by Jason J. Brown - Tuesday, February 28, 2017
Like millions of Americans, Tom Willingham grew up around firearms. Hailing from Wauseon, a sleepy town of nearly 5,000 in northern Ohio, he learned to shoot as a child, routine for families in the rural community.
After graduating from the University of Cincinnati with a degree in finance and real estate and working in real estate appraising, Tom kept his ear to the ground for bigger, better business opportunities. After listening to feedback from gun owners looking for better retail and range options, opportunity seemed to be knocking.
Willingham began his research, and discovered that despite many firearm customers enduring “unfriendly attitudes” and a less-than-pleasant experience when purchasing guns and looking for a place to shoot them, the industry was exploding with multi-billion dollar annual growth.
“[It looked like a] good industry to be in… I did not want to start a business in a shrinking industry,” Tom said. “I thought I could ‘build a better mousetrap,’ and make it work.”
Invigorated with opportunity, he called on his business experience and entrepreneurial spirit to help him build a shooting range to better serve a wanting customer base.
Building ranges, however, is more than just buying some land and throwing up targets. Tom knew this, and went to the experts – the NRA.
Willingham began his project in early 2012 and ordered the NRA Range Source Book, the technical guide for shooting range builders and operators. The specifications within taught him the fundamentals of establishing a range, and helped him “ask the right questions” to vendors and architects.
The book not only contained important technical information about range construction, but also insights on financial management of the ranges and how to become profitable.
“The portion on demand analysis and profitability really helped me… a range cannot be built just anywhere and be profitable,” Willingham said. “There is also a limit to how many lanes a market can support. There seems to be some overbuilding in places without regard to demand or market size.”
Using what he gleaned from the NRA Range Source Book, Tom went to work on his financial projections and business plan, working non-stop until he had a plan in place. From there, he vowed to follow the plan, understanding that some changes would be made along the way but knowing that he did his homework.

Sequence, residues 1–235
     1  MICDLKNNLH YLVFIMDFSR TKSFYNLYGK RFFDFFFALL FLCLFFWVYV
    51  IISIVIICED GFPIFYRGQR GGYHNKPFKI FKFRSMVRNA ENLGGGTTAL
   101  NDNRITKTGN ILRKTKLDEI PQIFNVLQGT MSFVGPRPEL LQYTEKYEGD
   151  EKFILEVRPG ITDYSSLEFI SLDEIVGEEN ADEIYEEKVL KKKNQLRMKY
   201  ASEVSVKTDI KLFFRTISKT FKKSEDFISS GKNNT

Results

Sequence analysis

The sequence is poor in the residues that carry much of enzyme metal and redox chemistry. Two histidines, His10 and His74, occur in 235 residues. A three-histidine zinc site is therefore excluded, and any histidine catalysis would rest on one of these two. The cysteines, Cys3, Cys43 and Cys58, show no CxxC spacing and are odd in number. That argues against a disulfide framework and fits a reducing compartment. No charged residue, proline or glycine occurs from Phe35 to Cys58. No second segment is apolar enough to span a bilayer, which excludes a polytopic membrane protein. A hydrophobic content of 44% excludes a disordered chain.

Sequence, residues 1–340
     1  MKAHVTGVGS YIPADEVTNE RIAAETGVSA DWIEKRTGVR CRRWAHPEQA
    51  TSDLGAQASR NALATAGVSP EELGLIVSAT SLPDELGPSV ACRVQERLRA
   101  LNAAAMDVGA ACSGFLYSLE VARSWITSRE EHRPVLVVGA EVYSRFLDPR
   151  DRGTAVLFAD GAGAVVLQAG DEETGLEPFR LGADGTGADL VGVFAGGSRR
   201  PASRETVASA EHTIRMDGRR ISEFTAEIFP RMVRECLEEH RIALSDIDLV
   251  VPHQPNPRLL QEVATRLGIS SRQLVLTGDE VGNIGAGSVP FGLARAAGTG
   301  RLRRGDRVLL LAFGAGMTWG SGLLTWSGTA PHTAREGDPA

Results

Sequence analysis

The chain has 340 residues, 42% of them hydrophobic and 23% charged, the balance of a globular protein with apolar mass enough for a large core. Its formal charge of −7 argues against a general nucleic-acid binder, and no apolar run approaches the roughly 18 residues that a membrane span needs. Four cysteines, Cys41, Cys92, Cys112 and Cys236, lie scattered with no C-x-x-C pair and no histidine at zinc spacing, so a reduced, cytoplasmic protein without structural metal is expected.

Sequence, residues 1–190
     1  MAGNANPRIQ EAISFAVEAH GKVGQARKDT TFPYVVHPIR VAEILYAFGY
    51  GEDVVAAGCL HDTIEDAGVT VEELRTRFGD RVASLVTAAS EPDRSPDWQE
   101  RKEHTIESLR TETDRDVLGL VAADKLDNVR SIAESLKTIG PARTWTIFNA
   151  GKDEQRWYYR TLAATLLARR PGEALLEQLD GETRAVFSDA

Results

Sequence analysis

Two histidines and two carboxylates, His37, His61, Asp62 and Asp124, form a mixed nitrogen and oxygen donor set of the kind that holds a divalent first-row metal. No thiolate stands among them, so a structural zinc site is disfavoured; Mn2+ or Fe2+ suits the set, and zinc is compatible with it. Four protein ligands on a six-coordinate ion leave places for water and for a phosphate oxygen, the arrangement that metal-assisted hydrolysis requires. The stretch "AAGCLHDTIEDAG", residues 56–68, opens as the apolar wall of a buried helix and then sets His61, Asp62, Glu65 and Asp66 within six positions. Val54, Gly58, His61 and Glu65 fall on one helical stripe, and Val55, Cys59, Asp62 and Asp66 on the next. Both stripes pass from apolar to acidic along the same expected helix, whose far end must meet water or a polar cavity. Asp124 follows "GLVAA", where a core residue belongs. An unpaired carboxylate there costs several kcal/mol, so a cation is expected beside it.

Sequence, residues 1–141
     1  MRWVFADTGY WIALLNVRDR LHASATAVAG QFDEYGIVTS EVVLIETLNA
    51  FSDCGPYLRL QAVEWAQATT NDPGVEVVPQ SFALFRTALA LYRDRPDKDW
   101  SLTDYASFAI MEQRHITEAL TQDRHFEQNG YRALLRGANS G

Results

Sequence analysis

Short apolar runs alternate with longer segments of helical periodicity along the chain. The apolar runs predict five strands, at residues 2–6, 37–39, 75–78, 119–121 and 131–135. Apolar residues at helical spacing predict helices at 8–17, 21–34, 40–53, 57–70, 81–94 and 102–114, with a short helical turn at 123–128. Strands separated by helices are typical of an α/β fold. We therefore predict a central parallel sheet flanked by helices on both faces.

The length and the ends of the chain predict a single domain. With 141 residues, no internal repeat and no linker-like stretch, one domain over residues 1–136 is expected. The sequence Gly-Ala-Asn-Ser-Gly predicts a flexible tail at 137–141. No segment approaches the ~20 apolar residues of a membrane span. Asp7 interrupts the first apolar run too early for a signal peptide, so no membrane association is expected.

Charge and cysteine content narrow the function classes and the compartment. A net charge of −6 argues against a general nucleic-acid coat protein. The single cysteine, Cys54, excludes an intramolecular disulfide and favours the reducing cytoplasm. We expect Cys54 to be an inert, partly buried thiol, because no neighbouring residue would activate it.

“I had a goal I wanted to meet,” he said. “I also was used to solving problems and writing down goals to achieve them.”
After nine months of non-stop work, Point Blank Range & Gun Shop opened to the public in November 2012, offering 20 shooting lanes. Ever the opportunist, he absorbed the profits from a banner year in 2013 into a second facility.
More success followed, and within four years, Tom had built nine ranges, each with a minimum of 20 lanes, all serving hundreds of thousands of shooters in or near major metropolitan areas, including the Queen City, Dayton, Louisville, Indianapolis, and Chicago.
Unsurprisingly, Tom is thinking of expanding even further, as long as the right markets provide feasible opportunities. He wants more than to be profitable -- his goal is to serve as broad a customer base as possible and have a positive influence on the industry.
“[I most enjoy] seeing people walk into the facility for the first time and thanking us for building there,” he said. “This venue has not existed on a widespread basis and new people are discovering and enjoying it.”
While Tom’s business acumen and entrepreneurial vision is the biggest driver of his success in establishing great places for gun owners to enjoy, the NRA’s Range Services knowledge base helped guide his fruitful foray into range ownership.
Opening a successful range isn’t a short order; it requires hard work and an understanding that building the range alone isn’t enough to bring shooters back time and time again. For those who are ready to take the next step and open a world-class shooting facility like Tom, NRA Range Services is standing by to help turn opportunity into reality.
Ready to get started on building and opening your range? Already a range owner and need help improving or expanding your facility? Attend the NRA Range Development and Operations Conference, scheduled for March 11-13 in Indianapolis! Designed to educate potential and current range owners and operators in identifying potential problems associated with range development, environmental issues, and safety, attendees will learn from America's top experts on range development in this forum to share knowledge, all with the common goal of providing a safe, convenient place for Americans to shoot in order to exercise their Second Amendment rights.
For more information or to register, click here!